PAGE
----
Russia Gained from the Caucasus Conflict, but Now Faces an Emboldened Turkey

Nov. 23 2020

Thanks to the Kremlin’s mediation, Azerbaijan and Armenia reached a ceasefire earlier this month, ending a six-week war over the disputed territory of Nagorno-Karabakh (Artsakh to Armenians), which Armenia seized from Azerbaijan during the collapse of the Soviet Union. Amir Taheri analyzes the current situation:

[S]uccessive Armenian governments, thinking that Russia will always . . . protect Armenia. as it had done since the 18th century, had neglected the new nation’s defense needs. Just over a month of fighting drove the Armenians onto the defensive, and then to defeat, on various fronts. But when the Azeris and their Turkish allies were about to swoop in for the kill, Russia intervened by calling the leaders of Baku and Yerevan to Moscow to agree to a confused ceasefire that, while stopping the fighting, left the deep causes of the conflict untouched.

In typical fashion, . . . Russia used the occasion to extend its military presence, already significant in Armenia, to Azerbaijan as well. Under the Moscow accord, a Russian “peacekeeping” force will seize control of the ceasefire line plus the borders of Azerbaijan and Armenia with Iran.

On balance, the Azeris didn’t gain much. Most of the disputed enclave . . . remains beyond their control while a good chunk of their own territory, notably the land route between Azerbaijan proper and its “autonomous” enclave of Nakhichevan, fall under Russian control. [For its part]. Yerevan will now have to consult—read obey—Moscow before attempting any revenge in the future. The message is clear: Transcaucasia was a Russian protectorate for two centuries and is again becoming a Russian glacis.

And, yet, Putin may turn out to be one of the losers in this deadly game. To start with, the mini-victory [over] Armenia may have whetted Recep Tayyip Erdogan’s appetite for further conquests. . . . Forty-eight hours after the ceasefire, Erdogan asked the Turkish parliament to let him send an expeditionary force to Azerbaijan. A Turkish military presence in Transcaucasia could entail the risk of direct confrontation between Moscow and Ankara which are already in conflict in a number of other places—notably Syria, Libya, and Kosovo.

Read more at Asharq al-Awsat

More about: Armenians, Azerbaijan, Recep Tayyip Erdoğan, Vladimir Putin

Saudi Arabia Should Open Its Doors to Israeli—and Palestinian—Pilgrims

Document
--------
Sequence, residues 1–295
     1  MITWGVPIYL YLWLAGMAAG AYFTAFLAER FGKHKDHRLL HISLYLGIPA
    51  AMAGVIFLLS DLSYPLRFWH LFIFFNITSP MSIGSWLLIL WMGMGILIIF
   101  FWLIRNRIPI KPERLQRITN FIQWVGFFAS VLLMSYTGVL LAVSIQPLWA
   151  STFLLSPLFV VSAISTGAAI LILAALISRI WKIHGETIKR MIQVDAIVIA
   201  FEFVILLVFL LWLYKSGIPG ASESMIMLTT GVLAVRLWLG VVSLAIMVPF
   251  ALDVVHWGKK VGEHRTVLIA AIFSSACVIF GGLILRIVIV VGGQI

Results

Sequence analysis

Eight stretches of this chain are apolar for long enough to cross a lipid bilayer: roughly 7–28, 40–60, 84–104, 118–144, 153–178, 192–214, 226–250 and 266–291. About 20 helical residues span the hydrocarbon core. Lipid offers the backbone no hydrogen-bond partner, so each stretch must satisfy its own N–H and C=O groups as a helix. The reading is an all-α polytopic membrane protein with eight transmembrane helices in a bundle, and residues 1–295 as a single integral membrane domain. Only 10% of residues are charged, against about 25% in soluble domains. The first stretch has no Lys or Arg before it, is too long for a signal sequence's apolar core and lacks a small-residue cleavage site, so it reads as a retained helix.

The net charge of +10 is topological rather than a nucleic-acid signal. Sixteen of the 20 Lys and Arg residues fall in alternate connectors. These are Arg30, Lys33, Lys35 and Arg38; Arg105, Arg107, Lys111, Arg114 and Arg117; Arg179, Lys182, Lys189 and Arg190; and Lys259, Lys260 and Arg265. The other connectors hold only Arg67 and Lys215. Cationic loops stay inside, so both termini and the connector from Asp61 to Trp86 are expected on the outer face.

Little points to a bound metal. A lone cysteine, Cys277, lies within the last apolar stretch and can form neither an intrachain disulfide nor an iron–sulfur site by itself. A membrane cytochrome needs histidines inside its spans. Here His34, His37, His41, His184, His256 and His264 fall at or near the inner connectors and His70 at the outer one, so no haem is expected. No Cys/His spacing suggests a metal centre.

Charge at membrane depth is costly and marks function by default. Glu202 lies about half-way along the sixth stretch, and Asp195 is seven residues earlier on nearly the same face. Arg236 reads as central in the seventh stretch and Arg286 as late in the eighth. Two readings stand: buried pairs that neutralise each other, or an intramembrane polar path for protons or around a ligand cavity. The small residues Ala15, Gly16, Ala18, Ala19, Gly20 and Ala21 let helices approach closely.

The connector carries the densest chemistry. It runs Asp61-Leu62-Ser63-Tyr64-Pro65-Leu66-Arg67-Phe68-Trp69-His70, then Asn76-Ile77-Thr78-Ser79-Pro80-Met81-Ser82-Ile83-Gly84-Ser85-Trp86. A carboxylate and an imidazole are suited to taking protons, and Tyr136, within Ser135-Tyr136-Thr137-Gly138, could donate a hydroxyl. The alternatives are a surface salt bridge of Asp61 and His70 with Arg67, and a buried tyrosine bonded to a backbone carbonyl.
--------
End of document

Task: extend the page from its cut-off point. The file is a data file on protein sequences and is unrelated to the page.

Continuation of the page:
On the evening of June 26 the annual period of the Hajj begins, during which Muslims from all over the world visit Mecca and perform prescribed religious rituals. Because of the de-jure state of war between Saudi Arabia and the Jewish state, Israeli Muslim pilgrims—who usually number about 6,000—must take a circuitous (and often costly) route via a third country. The same is true for Palestinians. Mark Dubowitz and Tzvi Kahn, writing in the Saudi paper Arab News, urge Riyadh to reconsider its policy:

[I]f the kingdom now withholds consent for direct flights from Israel to Saudi Arabia, it would be a setback for those normalization efforts, not merely a continuation of the status quo. It is hard to see what the Saudis would gain from that.

One way to support the arrangement would be to include Palestinians in the deal. Israel might also consider earmarking its southern Ramon Airport for the flights. After all, Ramon is significantly closer to the kingdom than Ben-Gurion Airport, making for cheaper routes. Its seclusion from Israeli population centers would also help Israeli efforts to monitor outgoing passengers and incoming flights for security purposes.

A pilot program that ran between August and October proved promising, with dozens of Palestinians from the West Bank traveling back and forth from Ramon to Cyprus and Turkey. This program proceeded over the objections of the Palestinian Authority, which fears being sidelined by such accommodations. Jordan, too, has reason to be concerned about the loss of Palestinian passenger dinars at Amman’s airports.

But Palestinians deserve easier travel. Since Israel is willing to be magnanimous in this regard, Saudi Arabia can certainly follow suit by allowing Ramon to be the springboard for direct Hajj flights for Palestinian and Israeli Muslims alike. And that would be a net positive for efforts to normalize ties between [Jerusalem] and Riyadh.

Read more at Arab News

More about: Israel-Arab relations, Israeli Arabs, Palestinians, Saudi Arabia